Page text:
Background: Campylobacter jejuni, the most leading cause for bacterial gastroenteritis worldwide, shows a high genetic diversity among its isolates. Recently, we demonstrated the existence of six C. jejuni-groups by combining MLST with six genetic markers. These groups were further characterized by the detection of cj1321-cj1326, fucP, cj0178, cj0755/cfrA, ceuE, pldA, cstII, and cstIII in order (I.) to show further associations between these different genetic markers and MLST CCs. Moreover, different studies were able to associate several of these markers: a sialylated lipoologosaccharide (cstII/III +), the gamma-glytamyl-transpeptidase (ggt +), and the absence of a certain allele of the enterochelin-uptake-binding-protein (ceuE 11168 -) with severe campylobacteriosis, bloody diarrhea and unpleasant outcome. Additionally more than half of human Campylobacter-isolates were assigned to a non-livestock clade associated with the absence of cj1321-cj1326. These isolates were considered as mere colonizers. From the combination of marker genes, the ratio of human isolates in a specific group, and clinical data (II.) it should be demonstrated to which of the previous defined groups these Campylobacter-subpopulations, associated with higher virulence, correspond. Results: Besides the marker gene pldA, all new estimated genetic markers show significant differences in their distribution among the various MLST-based groups. Especially the genes for cj1321-cj1326, fucP, cj0178, cj0755/cfrA are widely associated with each other and split the study population into two major and seven intermediate groups substantiating the previous group-definition, whereas cstII and cstIII indicate at least three groups following an independent distribution pattern. Conclusions: Based on these data a group of C. jejuni-isolates characterized by the presence of ansB, dmsA, ggt, and the absence of cj1365c, cj1585c, cj1321-cj1326, fucP, cj0178, cj0755/cfrA, and cstII/III was associated with a higher prevalence in human campylobacteriosis, bloody diarrhea as well as hospitalization and bears obviously a higher virulence for humans. In contrast to that better livestock-adapted groups characterized by the ability to utilize L-fucose and the presence of all of the five identified putative C. jejuni iron-uptake systems as well as cj1321-cj1326, cj1365c, cj1585c, and cstII and/or cstIII (sialylated lipoologosaccharide) is more prevalent in animal hosts and was secondary associated with less severe campylobacteriosis.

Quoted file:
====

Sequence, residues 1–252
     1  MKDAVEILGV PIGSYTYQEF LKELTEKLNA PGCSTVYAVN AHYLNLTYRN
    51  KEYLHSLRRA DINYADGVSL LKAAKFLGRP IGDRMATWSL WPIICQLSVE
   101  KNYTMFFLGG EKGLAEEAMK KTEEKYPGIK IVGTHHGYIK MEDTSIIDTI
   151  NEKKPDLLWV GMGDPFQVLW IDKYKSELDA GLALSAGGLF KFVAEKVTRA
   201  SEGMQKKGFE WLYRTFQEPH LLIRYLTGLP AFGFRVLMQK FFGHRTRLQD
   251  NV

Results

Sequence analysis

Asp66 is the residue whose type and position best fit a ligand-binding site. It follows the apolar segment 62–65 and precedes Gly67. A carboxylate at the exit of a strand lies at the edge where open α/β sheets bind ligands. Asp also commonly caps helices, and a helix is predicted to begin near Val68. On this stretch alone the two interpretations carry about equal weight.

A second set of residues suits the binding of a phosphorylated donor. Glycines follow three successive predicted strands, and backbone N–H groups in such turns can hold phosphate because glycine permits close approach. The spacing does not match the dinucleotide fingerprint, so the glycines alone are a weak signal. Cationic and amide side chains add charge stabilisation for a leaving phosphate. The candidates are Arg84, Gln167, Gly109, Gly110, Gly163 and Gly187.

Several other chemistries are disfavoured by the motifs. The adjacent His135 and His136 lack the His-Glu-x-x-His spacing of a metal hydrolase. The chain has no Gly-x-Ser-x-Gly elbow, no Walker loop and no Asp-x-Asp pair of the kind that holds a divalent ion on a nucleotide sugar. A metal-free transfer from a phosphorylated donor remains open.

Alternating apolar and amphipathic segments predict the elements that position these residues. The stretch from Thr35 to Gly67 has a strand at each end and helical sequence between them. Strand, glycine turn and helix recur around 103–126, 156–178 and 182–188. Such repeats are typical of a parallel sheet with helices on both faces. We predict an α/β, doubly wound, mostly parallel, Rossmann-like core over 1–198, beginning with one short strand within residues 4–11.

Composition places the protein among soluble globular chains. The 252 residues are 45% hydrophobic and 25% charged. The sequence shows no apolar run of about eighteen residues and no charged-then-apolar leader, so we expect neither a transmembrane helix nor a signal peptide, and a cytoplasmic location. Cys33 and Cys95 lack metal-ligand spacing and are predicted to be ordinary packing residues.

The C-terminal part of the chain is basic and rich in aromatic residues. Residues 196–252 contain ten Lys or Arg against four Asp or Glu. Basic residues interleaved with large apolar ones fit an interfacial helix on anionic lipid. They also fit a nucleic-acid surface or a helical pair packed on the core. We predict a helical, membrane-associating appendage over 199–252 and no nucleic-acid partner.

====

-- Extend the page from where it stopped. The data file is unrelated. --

Zautner, A. E., Ohk, C., Tareen, A. M., Lugert, R., & Groß, U. (2012). Epidemiological association of Campylobacter jejuni groups with pathogenicity-associated genetic markers. BMC Microbiology, 12. https://doi.org/10.1186/1471-2180-12-171